This probably, let alone an analog instant camera. A camera that's almost entirely about being close to people and sharing experiences. But that's not stopping Polaroid from moving forward with its new Polaroid Now camera.
I had a few days to test out the camera so I used it to document the quiet of what would normally be an active and lively park and then my family coping with being cooped up for days. The camera itself is designed to be easier to hold and shoot with, which is saying something for a point-and-shoot camera. Shooting with it simultaneously kept me in the moment while taking my mind off the circumstances around it.
The Now has a newly designed autofocus lens that will switch for portrait or distance photos. It also has a more accurate flash that adjusts for lighting conditions, for better low-light results. Plus, the self-timer button on the front can be used for double exposures. An LED counter on the back lets you know how many shots are left in the eight-print packs of the company's i-Type film.
The body is less angular than the company's last two models, theand , with curves that make it feel smaller and more comfortable. Polaroid says the battery life is better, too, lasting for up to 15 packs of film on a single charge.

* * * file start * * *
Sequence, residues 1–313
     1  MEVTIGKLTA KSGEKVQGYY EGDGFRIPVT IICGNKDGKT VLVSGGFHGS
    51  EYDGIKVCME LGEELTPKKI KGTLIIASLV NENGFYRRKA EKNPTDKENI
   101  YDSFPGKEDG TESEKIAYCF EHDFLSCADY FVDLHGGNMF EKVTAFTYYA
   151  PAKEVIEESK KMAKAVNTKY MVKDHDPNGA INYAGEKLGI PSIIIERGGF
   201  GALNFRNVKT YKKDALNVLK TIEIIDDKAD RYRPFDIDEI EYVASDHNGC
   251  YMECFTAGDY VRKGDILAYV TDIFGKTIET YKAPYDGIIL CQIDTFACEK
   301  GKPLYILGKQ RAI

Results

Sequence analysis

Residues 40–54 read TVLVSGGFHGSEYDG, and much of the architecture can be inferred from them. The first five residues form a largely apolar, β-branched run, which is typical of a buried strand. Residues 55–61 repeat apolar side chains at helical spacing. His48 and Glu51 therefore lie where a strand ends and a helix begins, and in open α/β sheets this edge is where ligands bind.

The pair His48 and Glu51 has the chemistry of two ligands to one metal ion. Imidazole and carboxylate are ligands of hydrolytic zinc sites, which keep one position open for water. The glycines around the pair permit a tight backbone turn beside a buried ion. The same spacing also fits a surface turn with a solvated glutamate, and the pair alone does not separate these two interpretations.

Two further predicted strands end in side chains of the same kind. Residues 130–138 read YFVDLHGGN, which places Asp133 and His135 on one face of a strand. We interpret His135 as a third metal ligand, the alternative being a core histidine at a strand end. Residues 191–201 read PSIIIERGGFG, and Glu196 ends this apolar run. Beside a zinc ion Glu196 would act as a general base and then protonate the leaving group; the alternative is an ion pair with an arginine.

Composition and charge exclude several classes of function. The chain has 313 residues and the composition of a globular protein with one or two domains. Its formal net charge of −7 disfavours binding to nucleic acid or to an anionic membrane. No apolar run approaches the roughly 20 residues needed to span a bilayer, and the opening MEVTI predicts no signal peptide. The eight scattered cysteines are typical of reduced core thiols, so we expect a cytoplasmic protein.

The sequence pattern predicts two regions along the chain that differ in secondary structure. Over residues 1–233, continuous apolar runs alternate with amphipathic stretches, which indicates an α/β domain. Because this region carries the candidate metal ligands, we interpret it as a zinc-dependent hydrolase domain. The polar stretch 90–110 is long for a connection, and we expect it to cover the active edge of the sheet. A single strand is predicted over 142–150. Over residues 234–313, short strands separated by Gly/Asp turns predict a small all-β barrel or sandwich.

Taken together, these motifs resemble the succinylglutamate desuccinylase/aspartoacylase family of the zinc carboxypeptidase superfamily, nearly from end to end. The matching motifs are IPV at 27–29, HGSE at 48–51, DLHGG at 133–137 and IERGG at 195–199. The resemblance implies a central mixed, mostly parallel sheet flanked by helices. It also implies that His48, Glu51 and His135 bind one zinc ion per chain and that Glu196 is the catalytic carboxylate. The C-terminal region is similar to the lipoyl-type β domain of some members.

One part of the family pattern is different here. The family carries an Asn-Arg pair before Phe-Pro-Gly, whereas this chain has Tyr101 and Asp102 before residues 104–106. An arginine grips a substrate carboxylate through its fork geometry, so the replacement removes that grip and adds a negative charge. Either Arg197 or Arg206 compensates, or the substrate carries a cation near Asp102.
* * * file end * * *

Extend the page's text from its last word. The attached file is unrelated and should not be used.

In its announcement for the Now, Polaroid invited its community "to join them online and take this time to reflect, inspire, create and connect." In the coming weeks it'll host an "evolving program of creative content and ask fans to suggest ideas and share Polaroid photographs to help inspire as, for the time being, we settle into this new "at home" reality."
So I guess my initial feeling was wrong. Now seems as good of a time as any for an instant camera.
The Polaroid Now is available direct from the company's site for $100. The camera is available in black and white versions, as well as in Polaroid's five iconic rainbow colors of red, orange, yellow, green and blue for a limited time.